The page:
Skift Take

Among the value propositions that stand to place local discovery at the head of the pack for mobile-first consumers, curation is certainly part of the equation.

Earlier this summer we launched our new report The Rise of the Silent Traveler focused on the reaching the mobile-first travel consumer.

Below is an extract. Get the full report here to get ahead of this trend.

For brands, giving the self-reliant customer something they want is deeply tied to the notion of accelerating and empowering the choices they make. Finding a way into that decision-making process is key to capturing the consumer’s business.

If there’s an illustrative space where mobile can further expand the silent traveler’s experience, it might well be the realm of discovery-oriented resources. The number of consumers who’ve turned to their devices to locate in-destination options has nearly doubled in recent years.

Among the value propositions that stand to place local discovery at the head of the pack for mobile-first consumers, curation is certainly part of the equation.

Players entering that arena, seeking to direct users to attractions and ideas within a destination, include The Leisure Pass Group. Linking their attractions-access passcards to city-specific curated mobile apps, when it comes to self-reliance, the company has recently moved into the area of providing self-reliant travelers with the means of getting around as well. In 2013, its card-and-app services grew to include a staff-free swipe-and-go system for 60-minute bike rentals.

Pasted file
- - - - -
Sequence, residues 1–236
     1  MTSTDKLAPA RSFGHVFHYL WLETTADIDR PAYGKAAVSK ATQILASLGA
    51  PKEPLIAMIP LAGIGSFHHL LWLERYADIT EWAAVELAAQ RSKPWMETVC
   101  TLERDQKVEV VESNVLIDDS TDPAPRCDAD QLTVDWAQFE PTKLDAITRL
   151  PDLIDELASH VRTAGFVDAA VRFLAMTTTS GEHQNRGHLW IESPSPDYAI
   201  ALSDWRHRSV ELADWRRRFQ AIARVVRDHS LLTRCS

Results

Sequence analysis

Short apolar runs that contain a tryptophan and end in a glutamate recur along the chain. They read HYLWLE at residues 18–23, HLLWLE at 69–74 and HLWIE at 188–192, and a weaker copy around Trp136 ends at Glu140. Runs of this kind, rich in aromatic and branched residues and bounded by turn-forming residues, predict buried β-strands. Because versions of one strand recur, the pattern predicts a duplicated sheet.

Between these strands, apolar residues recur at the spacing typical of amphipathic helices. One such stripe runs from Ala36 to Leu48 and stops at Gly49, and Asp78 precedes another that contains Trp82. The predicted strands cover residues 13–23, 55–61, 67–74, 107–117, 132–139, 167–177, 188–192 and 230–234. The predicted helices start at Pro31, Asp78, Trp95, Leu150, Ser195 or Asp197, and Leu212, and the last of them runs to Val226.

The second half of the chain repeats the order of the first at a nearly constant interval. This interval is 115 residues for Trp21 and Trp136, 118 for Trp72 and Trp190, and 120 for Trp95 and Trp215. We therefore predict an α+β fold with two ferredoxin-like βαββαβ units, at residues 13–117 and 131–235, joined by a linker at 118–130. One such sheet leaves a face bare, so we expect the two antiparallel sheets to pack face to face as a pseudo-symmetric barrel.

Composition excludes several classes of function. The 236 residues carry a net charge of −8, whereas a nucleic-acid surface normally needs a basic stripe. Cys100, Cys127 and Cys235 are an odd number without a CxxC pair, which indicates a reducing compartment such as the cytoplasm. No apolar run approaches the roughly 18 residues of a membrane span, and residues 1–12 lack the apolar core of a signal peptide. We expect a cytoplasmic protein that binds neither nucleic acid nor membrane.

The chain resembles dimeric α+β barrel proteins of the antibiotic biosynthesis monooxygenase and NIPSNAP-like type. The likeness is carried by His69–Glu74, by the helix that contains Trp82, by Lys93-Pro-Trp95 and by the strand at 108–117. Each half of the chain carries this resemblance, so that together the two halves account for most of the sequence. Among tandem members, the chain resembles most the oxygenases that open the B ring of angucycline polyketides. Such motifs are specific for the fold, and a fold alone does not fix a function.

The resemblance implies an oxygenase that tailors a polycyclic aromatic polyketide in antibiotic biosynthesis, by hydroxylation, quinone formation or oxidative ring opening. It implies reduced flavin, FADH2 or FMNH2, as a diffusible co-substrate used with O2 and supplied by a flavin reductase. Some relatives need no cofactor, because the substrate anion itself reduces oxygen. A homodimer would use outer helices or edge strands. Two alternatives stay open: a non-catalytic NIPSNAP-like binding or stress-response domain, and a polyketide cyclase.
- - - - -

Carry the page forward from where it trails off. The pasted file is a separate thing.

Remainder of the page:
Then, there is Findery, which, after two years of beta testing, allows digitally inclined travelers to place in-app notes and photos of interest within maps of destinations. The idea is that Findery’s user base will have an ever-growing local’s-eye-view of where they’re at — a crowd-sourced concierge in the palm of their hand.

Google Field Trip provides similar community-created content — also potentially attractive to the silent traveler. And it, too, is seeking to overcome early-stage challenges of plowing a wide spectrum of information into its interface while avoiding an information glut. There’s also the potential problem of inaccurate user-generated notes. Field Trip allows travelers to flag these. Self-reliance, in these cases, comes with some responsibility.

Short-notice is another value proposition that counts, in-destination.

For the self-reliant traveler, HotelTonight promises an on-the-go experience. One can reach for a new reservation, day-of, and the app also allows users to view a seven-day window of room-rate estimates and availability.

Like HotelTonight does in the hospitality space, restaurant-reservation apps may also have a play to make for the silent traveler’s attention.

Apps such as Shout suggest a self-reliant problem-solving mechanism that can fit the bill for an in-the-moment experience. In a peer-to-peer system, Shout users find diners who already have a hard-to-get reservation, but who are willing to sell it for, say, $35–$70. The buyer pays the seller, in-app, and the transfer of the table is handled by Shout.

For the silent traveler, the need for the well-connected concierge — or even the notion of negotiating with the maître d’— is replaced by a guaranteed transaction via their smartphone’s screen.

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Tags: dmos, mapping, maps, tourism

Photo credit: OpenStreetMaps on a Samsung Galaxy Phone Alexrk2 / Wikimedia Commons

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